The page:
3. Have a life outside of work. Most of the people I know that have lost motivation or burnt out in youth work have lost their ability to live a full life. Their blinders are on and all they can see or think about is work. Get a hobby, catch up with friends and family, take a holiday… Live life outside of work.
  4. Stay up to date with the sector. Get involved with your peak bodies and networks, read journals and books, study, sign up to blogs and newsletters. Be involved with the sector not just your little patch. It helps breed a wider and deeper perspective.

If you do these four things you will find that when the dark days come… and they will, you will have a strong foundation from which to stand with motivation.

Aaron Garth

Aaron Garth is the Executive Director of Ultimate Youth Worker. Aaron has worked as a youth worker in a number of settings including local church, street drug and alcohol outreach, family services, residential care, local government and youth homelessness since 2003. Aaron is a regular speaker at camps, retreats, & youth work training events and is a dedicated to seeing a more professional youth sector in Australia. Aaron is a graduate of RMIT University and an alumnus of their youth work program. He lives in Melbourne with his wife Jennifer & their daughters Hope, Zoe, Esther, Niamh and son Ezra.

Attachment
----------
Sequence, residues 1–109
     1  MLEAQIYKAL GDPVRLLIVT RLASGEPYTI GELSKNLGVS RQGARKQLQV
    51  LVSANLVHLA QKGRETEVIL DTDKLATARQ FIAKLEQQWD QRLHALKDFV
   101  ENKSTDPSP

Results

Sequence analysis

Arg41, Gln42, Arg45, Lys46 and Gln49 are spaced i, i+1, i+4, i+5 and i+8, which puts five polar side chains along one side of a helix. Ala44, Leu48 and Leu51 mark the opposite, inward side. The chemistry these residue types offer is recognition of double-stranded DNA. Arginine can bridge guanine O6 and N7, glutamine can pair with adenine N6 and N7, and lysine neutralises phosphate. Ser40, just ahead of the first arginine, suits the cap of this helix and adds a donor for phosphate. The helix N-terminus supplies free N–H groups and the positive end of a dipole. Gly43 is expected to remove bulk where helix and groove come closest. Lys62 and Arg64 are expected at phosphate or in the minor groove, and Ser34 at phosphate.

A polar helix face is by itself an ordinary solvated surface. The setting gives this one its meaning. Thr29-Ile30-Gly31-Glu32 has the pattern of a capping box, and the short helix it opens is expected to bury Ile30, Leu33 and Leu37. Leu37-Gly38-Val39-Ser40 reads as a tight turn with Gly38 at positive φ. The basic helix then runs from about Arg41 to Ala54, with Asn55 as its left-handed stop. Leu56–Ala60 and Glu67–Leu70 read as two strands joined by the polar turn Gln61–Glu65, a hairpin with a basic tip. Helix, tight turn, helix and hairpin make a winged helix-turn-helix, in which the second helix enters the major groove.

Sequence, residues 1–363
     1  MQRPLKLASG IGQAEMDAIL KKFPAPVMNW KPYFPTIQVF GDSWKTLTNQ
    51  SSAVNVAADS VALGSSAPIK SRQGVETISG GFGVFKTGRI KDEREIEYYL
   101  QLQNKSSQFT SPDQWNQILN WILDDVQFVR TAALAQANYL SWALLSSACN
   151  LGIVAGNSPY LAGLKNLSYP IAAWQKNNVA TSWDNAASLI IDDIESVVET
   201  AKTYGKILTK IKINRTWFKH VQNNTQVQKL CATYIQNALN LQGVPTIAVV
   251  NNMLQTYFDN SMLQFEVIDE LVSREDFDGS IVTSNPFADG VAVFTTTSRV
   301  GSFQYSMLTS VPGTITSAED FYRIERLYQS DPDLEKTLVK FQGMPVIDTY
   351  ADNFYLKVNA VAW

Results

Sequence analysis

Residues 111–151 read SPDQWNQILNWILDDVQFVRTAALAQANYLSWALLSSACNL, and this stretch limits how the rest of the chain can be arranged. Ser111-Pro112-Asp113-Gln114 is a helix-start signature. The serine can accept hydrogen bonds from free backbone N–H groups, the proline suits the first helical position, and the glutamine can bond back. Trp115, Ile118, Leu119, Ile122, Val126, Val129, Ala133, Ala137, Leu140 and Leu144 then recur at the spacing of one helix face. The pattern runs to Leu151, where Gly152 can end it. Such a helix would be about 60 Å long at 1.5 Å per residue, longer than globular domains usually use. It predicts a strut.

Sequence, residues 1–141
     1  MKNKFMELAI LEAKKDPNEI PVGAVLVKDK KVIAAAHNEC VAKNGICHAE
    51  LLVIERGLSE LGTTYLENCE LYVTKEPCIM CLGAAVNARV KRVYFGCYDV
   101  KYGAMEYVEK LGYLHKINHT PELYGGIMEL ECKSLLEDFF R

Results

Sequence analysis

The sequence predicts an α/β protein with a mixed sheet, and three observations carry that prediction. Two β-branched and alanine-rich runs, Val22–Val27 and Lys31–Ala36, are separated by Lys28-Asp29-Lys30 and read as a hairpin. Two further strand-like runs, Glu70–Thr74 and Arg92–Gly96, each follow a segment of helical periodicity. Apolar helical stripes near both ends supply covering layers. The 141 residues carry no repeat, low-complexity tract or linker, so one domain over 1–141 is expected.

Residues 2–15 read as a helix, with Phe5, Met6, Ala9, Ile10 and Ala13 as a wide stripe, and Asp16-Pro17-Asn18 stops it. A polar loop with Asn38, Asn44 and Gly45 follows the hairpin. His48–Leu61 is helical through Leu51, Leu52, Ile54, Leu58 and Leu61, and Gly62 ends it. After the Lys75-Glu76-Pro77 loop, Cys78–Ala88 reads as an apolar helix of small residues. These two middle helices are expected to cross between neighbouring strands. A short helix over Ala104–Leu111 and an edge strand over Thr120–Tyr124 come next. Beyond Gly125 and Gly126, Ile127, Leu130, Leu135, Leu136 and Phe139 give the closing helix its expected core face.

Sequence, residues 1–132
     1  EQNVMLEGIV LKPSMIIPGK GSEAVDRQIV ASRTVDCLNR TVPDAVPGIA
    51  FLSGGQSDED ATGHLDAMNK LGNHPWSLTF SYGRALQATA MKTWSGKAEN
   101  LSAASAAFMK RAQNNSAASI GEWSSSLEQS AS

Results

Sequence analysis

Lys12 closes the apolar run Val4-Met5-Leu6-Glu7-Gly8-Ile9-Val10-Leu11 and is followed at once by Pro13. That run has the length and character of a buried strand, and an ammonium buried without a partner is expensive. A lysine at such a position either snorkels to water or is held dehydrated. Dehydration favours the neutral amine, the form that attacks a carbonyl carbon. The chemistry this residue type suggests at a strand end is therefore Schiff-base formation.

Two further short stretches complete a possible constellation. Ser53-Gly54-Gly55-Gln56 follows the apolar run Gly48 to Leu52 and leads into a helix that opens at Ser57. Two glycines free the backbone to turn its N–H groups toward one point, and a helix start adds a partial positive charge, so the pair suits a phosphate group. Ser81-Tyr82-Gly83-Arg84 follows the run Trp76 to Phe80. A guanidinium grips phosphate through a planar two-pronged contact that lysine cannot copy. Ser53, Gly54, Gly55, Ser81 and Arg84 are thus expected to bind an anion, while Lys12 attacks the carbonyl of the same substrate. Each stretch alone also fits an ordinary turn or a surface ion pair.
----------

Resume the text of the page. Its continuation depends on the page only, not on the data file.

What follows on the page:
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Youth work and politics

Politics is great